High fevers should be watched closely. When in doubt, consult a doctor or a pediatrician. “A fever over 100’F is another common sign of Strep throat in youngsters,” explains Stone Oak Pediatrics. “A lower temperature may end up being a symptom of a viral infection and not strep throat, so be sure to take notice of that. With a viral illness, most fevers should go away on their own within one or two days, and other symptoms should begin to fade by the third day.
When a youngster is ill, it is always a concern “According to the UK Health Security Agency. “GAS infections can cause a sore throat, fever, chills, and muscle aches, among other symptoms. As a parent, if your child appears seriously ill, you should trust your instincts.
One of the first indicators of Strep A is a rash caused by scarlet fever. “Scarlet fever is normally a mild sickness, but it is extremely contagious,” according to the UK Health Security Agency. “As a result, keep an eye out for symptoms such as a sore throat, headache, and fever, as well as a fine, pinkish or red body rash with a sandpapery feel in your youngster. The rash may be more difficult to identify visually on darker skin, but it will have a sandpapery feel.”
Doctors warn that older persons are also a danger of contracting Strep A. “The prevalence of iGAS is highest at extremes of age — in children and the elderly,” says Michael Marks, an associate professor at the London School of Hygiene & Tropical Medicine.
How to protect yourself and stay safe
Some simple precautions can help guard against Strep A. “iGAS is spread through close contact with an infected individual and can be transmitted through coughs and sneezes or from a wound,” according to the UK Health Security Agency.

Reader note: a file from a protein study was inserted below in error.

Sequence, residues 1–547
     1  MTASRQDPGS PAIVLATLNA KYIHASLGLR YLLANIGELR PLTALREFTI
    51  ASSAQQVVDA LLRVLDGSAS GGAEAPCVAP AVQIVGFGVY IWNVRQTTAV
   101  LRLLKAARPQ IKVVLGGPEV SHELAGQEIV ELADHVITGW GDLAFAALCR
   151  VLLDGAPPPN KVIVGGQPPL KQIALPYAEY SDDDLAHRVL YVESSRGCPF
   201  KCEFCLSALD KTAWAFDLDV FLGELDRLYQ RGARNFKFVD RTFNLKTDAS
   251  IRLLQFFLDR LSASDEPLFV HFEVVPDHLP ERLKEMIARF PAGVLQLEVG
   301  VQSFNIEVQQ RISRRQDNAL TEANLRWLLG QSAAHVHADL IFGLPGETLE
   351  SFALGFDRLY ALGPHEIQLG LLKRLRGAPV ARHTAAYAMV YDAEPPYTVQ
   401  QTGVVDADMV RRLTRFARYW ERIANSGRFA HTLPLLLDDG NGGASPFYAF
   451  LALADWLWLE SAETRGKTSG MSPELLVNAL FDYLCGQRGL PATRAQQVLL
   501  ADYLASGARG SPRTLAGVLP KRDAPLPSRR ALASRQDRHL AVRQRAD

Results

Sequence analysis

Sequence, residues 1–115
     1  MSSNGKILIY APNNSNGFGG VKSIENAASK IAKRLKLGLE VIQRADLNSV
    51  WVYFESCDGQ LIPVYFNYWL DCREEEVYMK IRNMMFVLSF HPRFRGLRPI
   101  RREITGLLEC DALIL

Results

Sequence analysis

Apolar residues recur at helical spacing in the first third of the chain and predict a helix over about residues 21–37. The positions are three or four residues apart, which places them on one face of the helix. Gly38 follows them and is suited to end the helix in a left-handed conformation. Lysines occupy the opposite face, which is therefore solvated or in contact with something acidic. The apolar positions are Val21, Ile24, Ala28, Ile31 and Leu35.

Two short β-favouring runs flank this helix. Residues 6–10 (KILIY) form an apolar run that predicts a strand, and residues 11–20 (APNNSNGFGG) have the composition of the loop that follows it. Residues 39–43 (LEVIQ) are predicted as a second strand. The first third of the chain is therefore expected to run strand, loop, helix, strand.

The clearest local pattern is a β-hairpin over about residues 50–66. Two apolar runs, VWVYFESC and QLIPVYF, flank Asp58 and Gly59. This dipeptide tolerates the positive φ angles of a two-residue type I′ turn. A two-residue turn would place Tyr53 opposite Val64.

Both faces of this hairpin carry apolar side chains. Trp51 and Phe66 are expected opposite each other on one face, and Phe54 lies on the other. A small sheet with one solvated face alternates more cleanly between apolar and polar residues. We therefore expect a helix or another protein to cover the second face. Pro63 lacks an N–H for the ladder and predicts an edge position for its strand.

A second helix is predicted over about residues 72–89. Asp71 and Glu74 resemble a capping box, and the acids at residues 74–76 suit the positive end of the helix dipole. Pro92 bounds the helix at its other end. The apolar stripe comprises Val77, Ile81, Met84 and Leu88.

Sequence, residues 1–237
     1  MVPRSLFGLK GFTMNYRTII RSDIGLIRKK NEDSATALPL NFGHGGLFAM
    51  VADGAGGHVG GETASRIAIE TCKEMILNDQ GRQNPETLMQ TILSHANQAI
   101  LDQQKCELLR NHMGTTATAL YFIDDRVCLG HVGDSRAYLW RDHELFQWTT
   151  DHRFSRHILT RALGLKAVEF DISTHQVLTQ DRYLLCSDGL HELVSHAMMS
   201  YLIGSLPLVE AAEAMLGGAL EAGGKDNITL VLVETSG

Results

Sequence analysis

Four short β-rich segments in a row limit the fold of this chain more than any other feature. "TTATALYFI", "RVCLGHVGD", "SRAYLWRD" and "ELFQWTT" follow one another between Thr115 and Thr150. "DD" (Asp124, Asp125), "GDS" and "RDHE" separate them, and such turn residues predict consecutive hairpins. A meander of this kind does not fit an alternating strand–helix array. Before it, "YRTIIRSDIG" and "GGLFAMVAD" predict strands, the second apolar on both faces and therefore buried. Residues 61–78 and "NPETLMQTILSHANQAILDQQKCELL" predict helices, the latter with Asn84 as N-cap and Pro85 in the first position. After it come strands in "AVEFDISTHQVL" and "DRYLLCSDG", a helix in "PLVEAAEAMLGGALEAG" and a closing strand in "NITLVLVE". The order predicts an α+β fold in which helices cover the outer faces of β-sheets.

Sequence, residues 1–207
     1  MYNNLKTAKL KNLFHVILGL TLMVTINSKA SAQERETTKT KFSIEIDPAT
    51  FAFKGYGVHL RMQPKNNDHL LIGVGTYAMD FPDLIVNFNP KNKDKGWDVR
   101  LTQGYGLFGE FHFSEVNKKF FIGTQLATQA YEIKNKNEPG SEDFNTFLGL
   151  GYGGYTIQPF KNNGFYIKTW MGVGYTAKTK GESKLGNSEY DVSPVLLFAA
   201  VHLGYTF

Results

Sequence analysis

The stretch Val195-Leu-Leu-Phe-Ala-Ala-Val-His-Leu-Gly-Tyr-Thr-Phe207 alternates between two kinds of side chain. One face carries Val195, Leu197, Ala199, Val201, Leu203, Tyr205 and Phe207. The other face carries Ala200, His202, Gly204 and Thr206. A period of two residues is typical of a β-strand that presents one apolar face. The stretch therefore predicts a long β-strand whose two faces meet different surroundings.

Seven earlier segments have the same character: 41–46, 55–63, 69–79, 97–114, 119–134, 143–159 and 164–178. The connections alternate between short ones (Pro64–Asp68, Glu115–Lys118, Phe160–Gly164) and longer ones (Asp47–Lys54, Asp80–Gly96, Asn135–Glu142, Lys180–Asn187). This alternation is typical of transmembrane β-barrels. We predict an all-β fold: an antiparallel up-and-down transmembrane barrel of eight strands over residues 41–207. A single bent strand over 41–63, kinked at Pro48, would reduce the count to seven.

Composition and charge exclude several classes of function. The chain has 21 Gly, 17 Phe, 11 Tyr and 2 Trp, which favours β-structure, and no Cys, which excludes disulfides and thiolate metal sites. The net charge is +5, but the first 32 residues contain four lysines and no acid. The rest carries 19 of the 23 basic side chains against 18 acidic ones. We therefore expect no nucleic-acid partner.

Some people can have the bacteria present in their bodies without feeling poorly or displaying any symptoms of infections and while they can pass it on, the danger of dissemination is significantly greater when a person is unwell.
Washing your hands frequently is the most effective technique to avoid contracting or spreading group A strep. This is especially crucial after coughing or sneezing, as well as before preparing or consuming meals “According to the CDC. “To avoid group A strep infections, you should do the following:
• When you cough or sneeze, use a tissue to cover your mouth and nose.
• Place used tissues in the trashcan.
• If you don’t have a tissue, cough or sneeze into your upper sleeve or elbow, not your hands.
• Wash your hands frequently for at least 20 seconds with soap and water.
• If soap and water are not available, use an alcohol-based hand rub.
You should also wash glasses, cutlery, and plates after they have been used by someone unwell. Once washed, these things are safe for others to use.
There is no vaccine to prevent strep, but there is treatment. “Antibiotics and, sometimes, steroids to minimize inflammation are used to treat a strep infection,” explains Karla O’Dell, MD, an otolaryngologist at Keck Medicine of USC and assistant professor of clinical otolaryngology – head and neck surgery at USC.
Gargling with saltwater is fine if it feels good, but it will not speed up or prevent an infection. An otolaryngologist should be consulted if you have recurring infections.